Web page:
Strong leadership is required to reduce the workload of everyone. Don’t let your voice on this vital topic go unheard.
12. Will oral feedback suffice?
Look to introduce different types of feedback, helping you to reduce the amount of time-intensive written feedback you give. If it’s a common trend that’s affected a lot of the class, think about live class oral feedback.
Any way you can introduce verbal feedback, and therefore reduce written feedback, can be a great way to trim down one of the biggest drawers of time for any teacher.
13. Plan your lessons efficiently
Lesson planning is an incredibly important part of the job, but it’s important to be as efficient as possible over something that does take so much time. Much like our tips here for reviewing marking and feedback strategies, do the same with your lesson plans.
Get everyone together for a curriculum planning workshop, and critically analyse what is good and not so good about your existing plans. Work collaboratively and ensure you’re using the best quality resources you have available. In the long-run, it will save you plenty of time with a reduced need for interventions and better pupil attainment.
14. Cutdown meetings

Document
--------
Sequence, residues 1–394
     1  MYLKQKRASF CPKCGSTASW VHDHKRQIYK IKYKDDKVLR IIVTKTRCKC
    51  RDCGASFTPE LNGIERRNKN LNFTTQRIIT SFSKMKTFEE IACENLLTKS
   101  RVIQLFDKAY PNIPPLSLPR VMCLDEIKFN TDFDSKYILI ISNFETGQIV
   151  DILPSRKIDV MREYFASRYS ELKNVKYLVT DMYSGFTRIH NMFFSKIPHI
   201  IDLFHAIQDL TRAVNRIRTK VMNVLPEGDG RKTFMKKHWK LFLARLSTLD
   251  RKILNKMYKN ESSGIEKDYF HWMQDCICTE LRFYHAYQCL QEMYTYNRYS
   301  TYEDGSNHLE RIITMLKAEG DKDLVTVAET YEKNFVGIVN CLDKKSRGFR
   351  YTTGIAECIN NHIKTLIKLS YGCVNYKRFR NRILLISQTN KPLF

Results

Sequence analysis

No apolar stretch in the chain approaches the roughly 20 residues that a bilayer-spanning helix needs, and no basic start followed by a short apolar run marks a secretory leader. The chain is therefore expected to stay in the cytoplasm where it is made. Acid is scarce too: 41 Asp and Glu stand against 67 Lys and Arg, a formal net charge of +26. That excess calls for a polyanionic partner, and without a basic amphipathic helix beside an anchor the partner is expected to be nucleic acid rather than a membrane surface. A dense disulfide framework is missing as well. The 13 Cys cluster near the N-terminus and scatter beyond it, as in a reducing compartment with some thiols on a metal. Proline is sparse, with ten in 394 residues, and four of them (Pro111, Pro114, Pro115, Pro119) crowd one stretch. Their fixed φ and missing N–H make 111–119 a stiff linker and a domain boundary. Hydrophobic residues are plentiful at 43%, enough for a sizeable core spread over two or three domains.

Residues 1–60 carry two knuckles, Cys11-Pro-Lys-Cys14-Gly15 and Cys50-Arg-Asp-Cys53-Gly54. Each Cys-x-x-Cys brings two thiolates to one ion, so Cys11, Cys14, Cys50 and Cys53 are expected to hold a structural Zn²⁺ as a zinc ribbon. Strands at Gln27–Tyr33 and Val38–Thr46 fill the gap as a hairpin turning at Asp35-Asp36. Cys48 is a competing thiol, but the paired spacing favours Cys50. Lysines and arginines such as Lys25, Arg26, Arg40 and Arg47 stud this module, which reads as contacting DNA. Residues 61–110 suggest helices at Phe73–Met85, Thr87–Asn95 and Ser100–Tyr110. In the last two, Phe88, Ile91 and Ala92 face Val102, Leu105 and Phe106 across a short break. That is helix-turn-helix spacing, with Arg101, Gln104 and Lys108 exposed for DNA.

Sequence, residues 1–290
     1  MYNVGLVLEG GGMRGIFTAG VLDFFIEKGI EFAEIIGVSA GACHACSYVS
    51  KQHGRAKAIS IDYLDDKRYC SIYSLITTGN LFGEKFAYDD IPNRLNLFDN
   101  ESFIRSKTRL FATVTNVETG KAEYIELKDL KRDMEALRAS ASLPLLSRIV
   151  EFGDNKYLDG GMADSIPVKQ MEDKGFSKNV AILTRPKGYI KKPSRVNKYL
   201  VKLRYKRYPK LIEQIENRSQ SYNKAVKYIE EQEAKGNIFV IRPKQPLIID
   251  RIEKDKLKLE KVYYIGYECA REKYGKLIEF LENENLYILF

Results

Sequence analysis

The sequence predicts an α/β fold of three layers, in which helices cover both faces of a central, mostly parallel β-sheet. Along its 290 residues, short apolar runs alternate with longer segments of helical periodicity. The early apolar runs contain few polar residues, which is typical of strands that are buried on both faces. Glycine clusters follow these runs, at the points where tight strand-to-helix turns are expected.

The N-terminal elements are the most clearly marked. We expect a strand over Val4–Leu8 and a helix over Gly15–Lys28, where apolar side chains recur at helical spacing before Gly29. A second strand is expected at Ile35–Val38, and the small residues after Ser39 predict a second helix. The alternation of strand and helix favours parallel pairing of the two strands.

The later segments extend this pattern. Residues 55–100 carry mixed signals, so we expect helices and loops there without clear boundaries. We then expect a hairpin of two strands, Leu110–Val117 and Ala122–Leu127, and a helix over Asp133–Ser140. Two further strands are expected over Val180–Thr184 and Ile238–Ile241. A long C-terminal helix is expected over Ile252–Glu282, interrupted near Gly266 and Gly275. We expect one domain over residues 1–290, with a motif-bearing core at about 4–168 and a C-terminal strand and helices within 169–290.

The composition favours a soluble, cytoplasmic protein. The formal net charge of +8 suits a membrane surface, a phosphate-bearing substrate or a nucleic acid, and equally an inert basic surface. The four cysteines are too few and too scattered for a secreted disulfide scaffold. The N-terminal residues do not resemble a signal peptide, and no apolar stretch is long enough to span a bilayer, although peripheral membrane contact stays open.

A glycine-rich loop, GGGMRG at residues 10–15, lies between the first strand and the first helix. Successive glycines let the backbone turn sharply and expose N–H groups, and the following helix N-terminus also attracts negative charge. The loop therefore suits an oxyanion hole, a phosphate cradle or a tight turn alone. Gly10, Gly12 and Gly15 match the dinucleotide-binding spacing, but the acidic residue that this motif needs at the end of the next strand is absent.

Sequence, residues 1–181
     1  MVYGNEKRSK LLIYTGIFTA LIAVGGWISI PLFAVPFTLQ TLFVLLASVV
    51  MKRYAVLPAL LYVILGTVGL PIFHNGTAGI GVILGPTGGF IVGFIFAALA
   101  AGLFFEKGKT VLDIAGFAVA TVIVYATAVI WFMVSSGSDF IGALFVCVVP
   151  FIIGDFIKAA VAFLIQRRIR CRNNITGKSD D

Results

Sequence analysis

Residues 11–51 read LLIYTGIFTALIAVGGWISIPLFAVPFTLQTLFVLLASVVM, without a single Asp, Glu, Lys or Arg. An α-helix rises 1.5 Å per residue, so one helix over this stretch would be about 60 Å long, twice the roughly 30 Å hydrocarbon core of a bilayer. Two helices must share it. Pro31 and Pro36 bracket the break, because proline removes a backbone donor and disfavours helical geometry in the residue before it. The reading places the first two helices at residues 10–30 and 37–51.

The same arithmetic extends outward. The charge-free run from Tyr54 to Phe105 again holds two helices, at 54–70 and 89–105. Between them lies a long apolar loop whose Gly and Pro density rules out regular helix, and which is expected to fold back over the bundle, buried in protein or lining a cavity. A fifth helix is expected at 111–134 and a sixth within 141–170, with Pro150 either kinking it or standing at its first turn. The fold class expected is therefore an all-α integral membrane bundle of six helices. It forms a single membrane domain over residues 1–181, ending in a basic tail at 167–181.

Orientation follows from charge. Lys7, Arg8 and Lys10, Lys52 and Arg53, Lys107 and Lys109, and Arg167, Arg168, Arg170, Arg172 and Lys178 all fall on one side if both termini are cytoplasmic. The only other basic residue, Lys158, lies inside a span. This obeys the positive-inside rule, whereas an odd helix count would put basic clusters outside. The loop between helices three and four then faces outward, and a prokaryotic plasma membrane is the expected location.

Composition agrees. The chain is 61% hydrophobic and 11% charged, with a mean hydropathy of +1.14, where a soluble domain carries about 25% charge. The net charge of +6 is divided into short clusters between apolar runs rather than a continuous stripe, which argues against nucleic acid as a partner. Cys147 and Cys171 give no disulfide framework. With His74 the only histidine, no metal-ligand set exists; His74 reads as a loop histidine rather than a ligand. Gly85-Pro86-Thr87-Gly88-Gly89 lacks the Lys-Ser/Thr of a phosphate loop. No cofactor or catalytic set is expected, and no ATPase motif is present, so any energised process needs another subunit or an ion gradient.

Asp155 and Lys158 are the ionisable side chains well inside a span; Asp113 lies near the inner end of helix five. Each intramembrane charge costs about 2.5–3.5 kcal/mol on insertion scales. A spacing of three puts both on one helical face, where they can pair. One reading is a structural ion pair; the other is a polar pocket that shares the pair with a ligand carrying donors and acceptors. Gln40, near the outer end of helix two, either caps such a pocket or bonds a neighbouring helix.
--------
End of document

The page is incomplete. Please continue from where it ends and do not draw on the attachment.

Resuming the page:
This one is true of almost every workplace in the world. Meetings go on longer than they should and many of them occur when a simple email would have sufficed.
As a school, review the meetings you have in place and think about which ones you could lose. Removing a weekly half-hour meeting can suddenly free up two hours every month.
Rules to live by
15. Treat yourself to the odd early (or on time) finish
Your overall health and wellbeing are paramount and above all else in this job (and don’t forgot that’s exactly what this is – a job).
Every week or so, be sure to “treat” yourself to a day when you actually leave on time! You’ll often find you get just as much done, as the good vibes you get from knowing you’re leaving on time keeps spirits and productivity high through the day.
16. Sleep better
Sleep is a non-negotiable part of reducing your workload. If you feel fresher and fitter each day, you’ll get more work done and just generally have a more positive attitude about your work. Sleep has long been closely linked with better productivity, improved moods, and just generally increased health.
Don’t let your workload get in the way of a good night’s sleep.
17. Ditch the idea of perfectionism
Teachers are perfectionists. It’s one of the reasons why they’re so good at delivering outstanding education to children every day. Sadly, it’s also one of the reasons why our workloads quickly stack up.
Perfection is difficult to achieve in any profession, and knowing when something is good enough to succeed is a great trait to instil in your work. Sometimes, try and let go when you know that you’ve done enough.
18. Sometimes, say no
Plenty of teachers have a lot of trouble saying a two-letter word beginning with “n” and ending in “o”. But from time to time, no one is going to think less of you if you say enough is enough and you can’t take anything else on right now.
There’s only so much anyone individual can do. Being able to say no allows us to focus on our most important tasks and give them the time they deserve. Try it, just say no.